Posted by: Lisa Hill | April 20, 2017

Tobruk 1941, by Chester Wilmot

Doug Allan 1970

I don’t usually read military history, but I couldn’t resist this latest release in the Text Classics series.  Tobruk 1941 interests me because The Offspring had a great-uncle who was a Rat of Tobruk.  Uncle Doug Allan, who died in 1985, was a gentle, kind-hearted soul, generous to a fault and with the typical laconic Aussie sense of humour, but this apparently ordinary Aussie Bloke was also a hero, the like of which we’ll never see again.

Early in 1941, Australian troops captured Tobruk from the Italians: it was an important victory because it was Mussolini’s stronghold on the Libyan Coast.  Bordered by pitiless desert, Tobruk was a strategic fortress because it had a deep-water harbour on the eastern Mediterranean.   Rommel’s Afrika Corps quickly arrived to reclaim it and so began a 241-day siege beginning in April and not lifted until November of that year.  Germany had successfully stormed through Europe using Blitzkrieg tactics, and the Afrika Corps had never been defeated.  Tobruk was the first time they were repulsed and it wasn’t just Rommel who was outraged, the German High Command was livid.  They were especially galled to discover that their crack troops had been stymied by a bunch of volunteers.  As a captured German diary showed:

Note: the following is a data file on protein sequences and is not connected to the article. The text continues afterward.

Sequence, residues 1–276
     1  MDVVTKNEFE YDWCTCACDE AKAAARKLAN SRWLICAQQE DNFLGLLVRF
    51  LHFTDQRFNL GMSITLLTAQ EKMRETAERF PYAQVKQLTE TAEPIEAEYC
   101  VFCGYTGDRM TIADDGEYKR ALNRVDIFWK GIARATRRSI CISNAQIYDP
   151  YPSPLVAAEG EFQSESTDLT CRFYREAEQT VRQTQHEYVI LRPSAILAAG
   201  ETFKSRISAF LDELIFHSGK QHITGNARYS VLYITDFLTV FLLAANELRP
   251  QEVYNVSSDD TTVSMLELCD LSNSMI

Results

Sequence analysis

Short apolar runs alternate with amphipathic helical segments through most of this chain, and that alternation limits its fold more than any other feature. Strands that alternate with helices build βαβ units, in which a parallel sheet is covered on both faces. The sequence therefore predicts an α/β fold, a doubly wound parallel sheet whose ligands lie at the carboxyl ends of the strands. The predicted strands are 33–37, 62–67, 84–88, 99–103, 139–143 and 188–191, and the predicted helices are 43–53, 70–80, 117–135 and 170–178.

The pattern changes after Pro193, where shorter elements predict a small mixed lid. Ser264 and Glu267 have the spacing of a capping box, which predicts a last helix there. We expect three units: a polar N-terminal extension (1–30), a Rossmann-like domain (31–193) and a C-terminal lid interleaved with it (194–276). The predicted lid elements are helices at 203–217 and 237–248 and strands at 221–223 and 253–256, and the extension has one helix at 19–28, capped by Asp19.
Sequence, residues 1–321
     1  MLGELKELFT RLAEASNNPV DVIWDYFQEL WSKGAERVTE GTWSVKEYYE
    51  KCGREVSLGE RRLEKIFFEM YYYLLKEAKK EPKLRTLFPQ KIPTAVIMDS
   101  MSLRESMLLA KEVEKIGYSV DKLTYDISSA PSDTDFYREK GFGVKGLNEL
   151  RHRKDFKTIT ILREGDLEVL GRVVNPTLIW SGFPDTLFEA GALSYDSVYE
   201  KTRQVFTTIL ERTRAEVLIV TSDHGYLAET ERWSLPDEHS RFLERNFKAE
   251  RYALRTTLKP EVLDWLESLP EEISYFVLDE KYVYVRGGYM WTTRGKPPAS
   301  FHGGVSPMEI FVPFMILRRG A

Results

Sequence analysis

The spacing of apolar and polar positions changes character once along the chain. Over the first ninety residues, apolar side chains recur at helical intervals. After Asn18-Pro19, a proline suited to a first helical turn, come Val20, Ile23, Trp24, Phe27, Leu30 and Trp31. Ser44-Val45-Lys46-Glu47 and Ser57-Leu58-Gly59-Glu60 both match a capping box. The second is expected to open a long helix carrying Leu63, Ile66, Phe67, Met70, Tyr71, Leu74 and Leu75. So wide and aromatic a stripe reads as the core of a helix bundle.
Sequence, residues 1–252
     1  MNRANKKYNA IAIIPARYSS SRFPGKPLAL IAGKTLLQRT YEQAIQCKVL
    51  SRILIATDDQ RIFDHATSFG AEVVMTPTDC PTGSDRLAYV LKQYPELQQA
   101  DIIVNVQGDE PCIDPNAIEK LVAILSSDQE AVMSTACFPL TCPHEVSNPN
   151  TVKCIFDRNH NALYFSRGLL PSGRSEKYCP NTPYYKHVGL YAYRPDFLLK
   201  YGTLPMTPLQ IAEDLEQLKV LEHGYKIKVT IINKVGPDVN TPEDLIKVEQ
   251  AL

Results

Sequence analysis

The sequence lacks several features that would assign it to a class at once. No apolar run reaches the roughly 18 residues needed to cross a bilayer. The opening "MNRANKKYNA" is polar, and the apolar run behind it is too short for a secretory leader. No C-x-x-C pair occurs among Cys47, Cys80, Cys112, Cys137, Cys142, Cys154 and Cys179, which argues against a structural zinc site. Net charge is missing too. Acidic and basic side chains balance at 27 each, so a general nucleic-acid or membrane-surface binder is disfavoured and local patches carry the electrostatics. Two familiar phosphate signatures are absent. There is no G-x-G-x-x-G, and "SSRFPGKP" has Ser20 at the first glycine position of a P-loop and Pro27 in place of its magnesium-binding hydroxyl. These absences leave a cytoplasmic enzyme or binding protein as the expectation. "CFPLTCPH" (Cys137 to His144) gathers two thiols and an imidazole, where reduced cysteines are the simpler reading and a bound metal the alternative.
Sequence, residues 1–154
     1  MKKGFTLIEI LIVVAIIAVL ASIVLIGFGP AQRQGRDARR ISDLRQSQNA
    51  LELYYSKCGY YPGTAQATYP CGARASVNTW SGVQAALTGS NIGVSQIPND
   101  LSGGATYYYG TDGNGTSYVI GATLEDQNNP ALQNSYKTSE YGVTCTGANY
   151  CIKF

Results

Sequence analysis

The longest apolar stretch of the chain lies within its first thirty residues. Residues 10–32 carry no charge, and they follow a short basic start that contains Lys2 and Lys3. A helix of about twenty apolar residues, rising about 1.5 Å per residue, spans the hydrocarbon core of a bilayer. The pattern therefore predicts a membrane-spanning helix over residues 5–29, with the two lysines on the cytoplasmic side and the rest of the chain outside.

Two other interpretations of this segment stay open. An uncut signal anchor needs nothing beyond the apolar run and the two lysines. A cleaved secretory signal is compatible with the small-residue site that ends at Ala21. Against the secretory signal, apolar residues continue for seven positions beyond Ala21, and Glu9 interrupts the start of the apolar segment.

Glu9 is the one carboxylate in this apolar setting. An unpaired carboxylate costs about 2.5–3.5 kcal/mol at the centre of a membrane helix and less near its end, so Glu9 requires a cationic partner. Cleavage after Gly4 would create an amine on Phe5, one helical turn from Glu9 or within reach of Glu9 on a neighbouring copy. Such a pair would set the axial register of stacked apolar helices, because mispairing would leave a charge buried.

Our opponents are Englishmen and Australians.  No trained attacking troops, but men with nerves and toughness, tireless, taking punishment with obstinacy, wonderful in defence.  Ah well, the Greeks also spent ten years before Troy. (p 186)

The defenders comprised 14,000 Australian soldiers commanded by Lieutenant General Leslie Morshead,  about 5000 men in four regiments of British artillery, and about 500 Indian troops under the command of the British.  For both sides, Tobruk was critical because the Allies wanted to keep Rommel tied up in Libya while they regrouped after their defeat in Greece, and the Axis Powers wanted to get on with having control of the oil fields.

Chester Wilmot was an embedded war correspondent with the AIF, and he wrote this landmark text during 1943 while he was becalmed in Sydney.  (He’d lost his accreditation because he’d offended General Blamey with criticism of the high command supplying the troops in New Guinea).  With the war still raging, Wilmot used this time to write a unique military history of the Siege of Tobruk.

As Peter Cochrane says in the Introduction: